The minimum size sensor Alamy seem to accept is the 1" sensor as in the Sony RX100 series, and other manufacturers cameras now too.

 

I have images on Alamy from the RX100 as do many others on this forum.

 

If you wish to continue contributing to the Alamy library and pass QC on a regular basis then you need to change your camera for one with a larger sensor.

 

Allan

Edited by Allan Bell

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Perhaps you drew a little too much attention to youself with your other thread - getting such a negative reputation in such a short space of time does require something special :). I've not seen anybody have a retrospective failure before. This is one of the best forums I've ever been on and I know most people don't give red arrows for nothing - I don't give red arrows at all by the way but it's not hard to see why you got them - maybe time for a rethink. And read what as Allan and Brian say.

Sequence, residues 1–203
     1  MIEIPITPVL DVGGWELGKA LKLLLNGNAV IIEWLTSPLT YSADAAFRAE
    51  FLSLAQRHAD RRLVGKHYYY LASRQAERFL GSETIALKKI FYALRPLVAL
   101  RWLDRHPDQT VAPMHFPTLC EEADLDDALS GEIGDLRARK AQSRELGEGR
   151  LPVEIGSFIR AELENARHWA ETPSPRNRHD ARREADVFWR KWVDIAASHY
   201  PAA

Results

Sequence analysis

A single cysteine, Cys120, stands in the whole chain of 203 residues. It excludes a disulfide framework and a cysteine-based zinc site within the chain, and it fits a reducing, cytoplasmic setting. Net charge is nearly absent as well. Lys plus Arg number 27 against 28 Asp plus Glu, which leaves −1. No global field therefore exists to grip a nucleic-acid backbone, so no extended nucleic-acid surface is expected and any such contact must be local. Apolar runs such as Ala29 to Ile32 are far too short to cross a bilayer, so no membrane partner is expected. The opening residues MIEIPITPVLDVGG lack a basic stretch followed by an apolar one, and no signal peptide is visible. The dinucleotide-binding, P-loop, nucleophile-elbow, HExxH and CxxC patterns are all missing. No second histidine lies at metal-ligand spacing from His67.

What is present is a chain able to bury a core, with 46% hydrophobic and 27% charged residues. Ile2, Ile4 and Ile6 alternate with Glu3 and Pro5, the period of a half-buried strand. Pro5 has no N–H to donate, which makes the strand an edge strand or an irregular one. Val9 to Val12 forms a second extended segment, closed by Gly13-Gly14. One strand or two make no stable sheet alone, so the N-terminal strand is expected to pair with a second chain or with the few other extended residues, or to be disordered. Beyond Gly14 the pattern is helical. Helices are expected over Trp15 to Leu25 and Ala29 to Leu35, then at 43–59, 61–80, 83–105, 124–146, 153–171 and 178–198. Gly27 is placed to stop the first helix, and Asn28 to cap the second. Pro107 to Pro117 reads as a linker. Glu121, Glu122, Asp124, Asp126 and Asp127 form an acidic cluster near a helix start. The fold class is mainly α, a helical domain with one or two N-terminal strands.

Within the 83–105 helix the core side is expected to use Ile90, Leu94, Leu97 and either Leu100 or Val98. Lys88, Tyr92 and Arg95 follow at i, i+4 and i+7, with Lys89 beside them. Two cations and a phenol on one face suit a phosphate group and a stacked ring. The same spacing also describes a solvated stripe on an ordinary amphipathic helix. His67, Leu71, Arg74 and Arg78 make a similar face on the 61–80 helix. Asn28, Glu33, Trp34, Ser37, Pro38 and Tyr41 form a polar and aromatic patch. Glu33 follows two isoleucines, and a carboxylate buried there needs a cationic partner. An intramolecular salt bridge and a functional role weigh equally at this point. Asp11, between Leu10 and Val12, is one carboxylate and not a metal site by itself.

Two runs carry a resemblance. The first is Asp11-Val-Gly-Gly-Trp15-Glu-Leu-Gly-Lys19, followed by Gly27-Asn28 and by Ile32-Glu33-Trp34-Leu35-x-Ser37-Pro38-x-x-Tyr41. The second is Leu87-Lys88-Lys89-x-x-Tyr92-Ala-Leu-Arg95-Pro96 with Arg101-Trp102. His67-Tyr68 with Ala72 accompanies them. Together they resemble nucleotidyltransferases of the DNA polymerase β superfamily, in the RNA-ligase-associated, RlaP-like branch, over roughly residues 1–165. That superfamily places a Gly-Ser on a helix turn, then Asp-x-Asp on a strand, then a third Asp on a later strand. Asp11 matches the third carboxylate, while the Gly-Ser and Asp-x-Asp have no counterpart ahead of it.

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Possible a new person in QC who is not doing their job properly?  Or someone accidentally hit a pass button? Can't say as I have ever heard of a retroactive fail either.

 

Has Alamy removed your images, as if I click on one, it tells me they can't find the image I"m looking for.

Jill

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Fun.

 

 

Maybe someone in the QC team looked at your images and thought they were good enough to pass but forgot to look at the metadata to check the camera specifics.

 

Sorry to give you this bad news.

 

Just my thoughts.

 

Hope you can see past these troubles and continue with Alamy in the future as I can see you have an eye for an image.

 

Allan

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Possible a new person in QC who is not doing their job properly?  Or someone accidentally hit a pass button? Can't say as I have ever heard of a retroactive fail either.

 

Has Alamy removed your images, as if I click on one, it tells me they can't find the image I"m looking for.

Jill